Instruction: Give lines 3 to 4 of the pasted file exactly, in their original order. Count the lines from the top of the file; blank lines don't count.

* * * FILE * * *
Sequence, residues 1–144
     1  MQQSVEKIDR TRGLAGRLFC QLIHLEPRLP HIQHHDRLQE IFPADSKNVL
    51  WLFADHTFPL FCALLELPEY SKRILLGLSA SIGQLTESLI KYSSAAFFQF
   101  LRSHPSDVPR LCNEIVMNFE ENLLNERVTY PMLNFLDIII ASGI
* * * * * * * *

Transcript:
    51  WLFADHTFPL FCALLELPEY SKRILLGLSA SIGQLTESLI KYSSAAFFQF
   101  LRSHPSDVPR LCNEIVMNFE ENLLNERVTY PMLNFLDIII ASGI